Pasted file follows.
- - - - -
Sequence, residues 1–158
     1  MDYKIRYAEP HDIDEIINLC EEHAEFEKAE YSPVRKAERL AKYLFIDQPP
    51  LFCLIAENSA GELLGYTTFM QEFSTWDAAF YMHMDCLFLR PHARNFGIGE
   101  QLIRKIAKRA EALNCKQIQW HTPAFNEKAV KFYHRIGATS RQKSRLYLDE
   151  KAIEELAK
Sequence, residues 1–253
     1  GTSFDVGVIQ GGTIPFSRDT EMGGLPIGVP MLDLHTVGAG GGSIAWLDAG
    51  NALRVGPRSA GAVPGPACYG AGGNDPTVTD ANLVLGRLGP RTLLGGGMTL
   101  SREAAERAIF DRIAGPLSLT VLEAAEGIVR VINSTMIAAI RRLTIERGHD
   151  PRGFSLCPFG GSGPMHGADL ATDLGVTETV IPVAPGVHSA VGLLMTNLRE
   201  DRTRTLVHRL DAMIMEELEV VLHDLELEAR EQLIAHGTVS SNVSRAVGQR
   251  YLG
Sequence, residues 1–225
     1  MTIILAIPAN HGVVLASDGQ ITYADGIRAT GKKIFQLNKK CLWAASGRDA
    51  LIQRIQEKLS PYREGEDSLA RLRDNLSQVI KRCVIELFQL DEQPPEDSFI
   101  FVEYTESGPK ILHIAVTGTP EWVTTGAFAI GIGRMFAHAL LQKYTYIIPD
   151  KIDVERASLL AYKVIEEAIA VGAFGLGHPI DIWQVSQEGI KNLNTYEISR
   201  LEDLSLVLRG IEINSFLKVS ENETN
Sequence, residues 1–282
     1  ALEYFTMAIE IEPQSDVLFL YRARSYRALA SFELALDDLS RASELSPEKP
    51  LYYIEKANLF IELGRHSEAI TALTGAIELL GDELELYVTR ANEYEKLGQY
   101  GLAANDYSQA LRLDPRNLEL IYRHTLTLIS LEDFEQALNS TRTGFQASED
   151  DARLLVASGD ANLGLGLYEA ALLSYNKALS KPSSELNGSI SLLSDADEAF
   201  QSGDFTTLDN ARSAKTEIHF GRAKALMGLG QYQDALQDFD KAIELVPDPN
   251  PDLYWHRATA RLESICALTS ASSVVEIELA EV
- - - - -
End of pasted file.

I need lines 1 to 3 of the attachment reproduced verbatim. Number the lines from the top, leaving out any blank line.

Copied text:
Sequence, residues 1–158
     1  MDYKIRYAEP HDIDEIINLC EEHAEFEKAE YSPVRKAERL AKYLFIDQPP
    51  LFCLIAENSA GELLGYTTFM QEFSTWDAAF YMHMDCLFLR PHARNFGIGE